Jonathan L. Sulds, listed by Lawdragon and Human Resource Executive magazine as both one of the nation's most powerful employment lawyers and one of the nation's top 20 lawyers in traditional labor and employment law, has been representing leading employers since 1974 in virtually every aspect of their engagement, protection, management and reward of workforce resources.
Jon regularly represents employers in the areas of collective bargaining and traditional labor relations, Employee Retirement Income Security Act (ERISA) litigation, wage and hour matters, discrimination and harassment complaints, restrictive covenant, duty of loyalty and trade secret litigation, Dodd-Frank, Sarbanes-Oxley (SOX) and other whistleblower matters, global and domestic executive employment arrangements, and corporate campaigns. Jon is also involved in the labor and employment aspects of corporate transactions and class and collective actions that arise in these contexts.
From 2010 through 2018 Jon co-chaired the firm's Global Labor and Employment Practice which was twice named a Law360 Employment Group of the Year during that tenure.
Some of Jon’s recent significant victories for clients include, Thomas v. Bed Bath & Beyond, 2018 U.S. Dist. LEXIS 27904 (S.D.N.Y. 2018), granting summary judgment, sustaining the Company’s use of the Fluctuating Work Week methodology to pay overtime; dismissal of an ERISA stock drop class action, Martone v. Whole Foods Market Inc., 2016 U.S. Dist. LEXIS 133703 (W.D. Tex 2016), followed by dismissal of an amended complaint in the same matter, Martone v. Robb, 2017 U.S. Dist. LEXIS 122014, (W.D. Tex. Aug. 2, 2017); dismissal of a NLRB complaint alleging that no lawful impasse had occurred in negotiations Jon had led as chief spokesperson where the terms of the employer's last and final offer were implemented (Time Inc, JD(NY)-30-16, 2016 NLRB LEXIS 574, followed by his negotiation of a collective bargaining agreement based on those implemented proposals, which the client described as providing it "with the operational flexibility necessary to succeed in today's transformative media environment," and the union lauded for providing "stability." (New York Post, September 30, 2016); a complete defense verdict after 20 hearing days before a JAMS arbitrator, dismissing a senior, highly salaried former employee's systemic disparate impact, age discrimination and retaliation claims; and UPS Supply Chain Solutions, JD(ATL)-23-15, 2015 NLRB LEXIS 951, sustaining the Company’s declaration of impasse and resulting implementation of periodic changes to a companywide healthcare plan.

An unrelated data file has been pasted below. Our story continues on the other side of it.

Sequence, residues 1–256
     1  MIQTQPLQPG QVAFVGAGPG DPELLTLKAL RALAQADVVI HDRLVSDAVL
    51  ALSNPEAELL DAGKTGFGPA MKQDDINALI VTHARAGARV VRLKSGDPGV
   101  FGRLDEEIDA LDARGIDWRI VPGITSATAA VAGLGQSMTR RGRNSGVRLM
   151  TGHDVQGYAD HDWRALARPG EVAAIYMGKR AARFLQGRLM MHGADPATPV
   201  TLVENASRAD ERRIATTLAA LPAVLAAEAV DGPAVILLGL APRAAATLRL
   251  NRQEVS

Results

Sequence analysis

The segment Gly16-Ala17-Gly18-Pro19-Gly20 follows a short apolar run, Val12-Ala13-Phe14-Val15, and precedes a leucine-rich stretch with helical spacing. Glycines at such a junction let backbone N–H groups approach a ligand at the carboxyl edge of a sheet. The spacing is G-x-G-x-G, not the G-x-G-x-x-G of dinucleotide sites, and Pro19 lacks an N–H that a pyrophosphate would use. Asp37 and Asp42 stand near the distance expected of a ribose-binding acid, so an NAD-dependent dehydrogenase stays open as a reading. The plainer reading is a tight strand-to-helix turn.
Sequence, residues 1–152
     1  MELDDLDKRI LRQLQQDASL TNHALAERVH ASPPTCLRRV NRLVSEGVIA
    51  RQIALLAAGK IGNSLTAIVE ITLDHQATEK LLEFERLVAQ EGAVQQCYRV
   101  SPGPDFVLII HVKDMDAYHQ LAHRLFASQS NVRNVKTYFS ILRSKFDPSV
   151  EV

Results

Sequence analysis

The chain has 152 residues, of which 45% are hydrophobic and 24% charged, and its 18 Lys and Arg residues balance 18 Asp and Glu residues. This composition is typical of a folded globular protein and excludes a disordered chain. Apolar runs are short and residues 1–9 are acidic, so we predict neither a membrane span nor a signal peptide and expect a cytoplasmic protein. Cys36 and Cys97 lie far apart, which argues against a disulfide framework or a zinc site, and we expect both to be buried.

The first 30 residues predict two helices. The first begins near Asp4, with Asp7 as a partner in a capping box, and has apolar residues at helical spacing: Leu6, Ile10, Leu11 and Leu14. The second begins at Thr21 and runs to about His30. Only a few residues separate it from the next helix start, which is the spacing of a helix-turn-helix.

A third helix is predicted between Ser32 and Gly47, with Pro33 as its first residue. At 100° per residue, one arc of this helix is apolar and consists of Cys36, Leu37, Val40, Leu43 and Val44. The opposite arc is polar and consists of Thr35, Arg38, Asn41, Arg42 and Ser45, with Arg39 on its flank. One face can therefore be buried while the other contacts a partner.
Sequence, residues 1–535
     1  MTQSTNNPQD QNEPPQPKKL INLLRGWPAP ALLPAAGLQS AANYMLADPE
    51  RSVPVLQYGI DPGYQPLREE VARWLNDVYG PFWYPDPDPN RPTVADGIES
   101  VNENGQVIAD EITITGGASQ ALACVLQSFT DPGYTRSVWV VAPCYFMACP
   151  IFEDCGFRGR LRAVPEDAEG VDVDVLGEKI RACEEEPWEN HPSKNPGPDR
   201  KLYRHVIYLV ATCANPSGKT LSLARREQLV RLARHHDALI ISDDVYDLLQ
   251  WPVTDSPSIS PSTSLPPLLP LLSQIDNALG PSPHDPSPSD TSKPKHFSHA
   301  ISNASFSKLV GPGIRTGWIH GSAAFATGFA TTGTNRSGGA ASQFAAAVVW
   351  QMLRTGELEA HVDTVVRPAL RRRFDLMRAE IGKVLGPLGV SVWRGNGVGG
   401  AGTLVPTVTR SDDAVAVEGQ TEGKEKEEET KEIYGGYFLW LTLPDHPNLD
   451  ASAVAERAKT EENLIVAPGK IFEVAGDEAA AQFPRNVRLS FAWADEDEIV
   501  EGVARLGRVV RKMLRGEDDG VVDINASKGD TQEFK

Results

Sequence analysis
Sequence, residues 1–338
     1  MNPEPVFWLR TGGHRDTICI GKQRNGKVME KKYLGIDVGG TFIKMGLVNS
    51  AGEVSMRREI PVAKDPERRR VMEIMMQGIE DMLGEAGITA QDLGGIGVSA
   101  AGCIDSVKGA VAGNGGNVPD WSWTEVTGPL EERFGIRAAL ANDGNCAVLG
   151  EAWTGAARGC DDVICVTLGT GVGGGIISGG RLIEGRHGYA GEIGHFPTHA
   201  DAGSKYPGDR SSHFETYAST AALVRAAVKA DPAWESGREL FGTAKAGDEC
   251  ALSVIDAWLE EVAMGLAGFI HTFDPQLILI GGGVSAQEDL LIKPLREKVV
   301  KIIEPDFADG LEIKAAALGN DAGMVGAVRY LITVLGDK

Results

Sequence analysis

Articles in the National Law Review database by Jonathan L. Sulds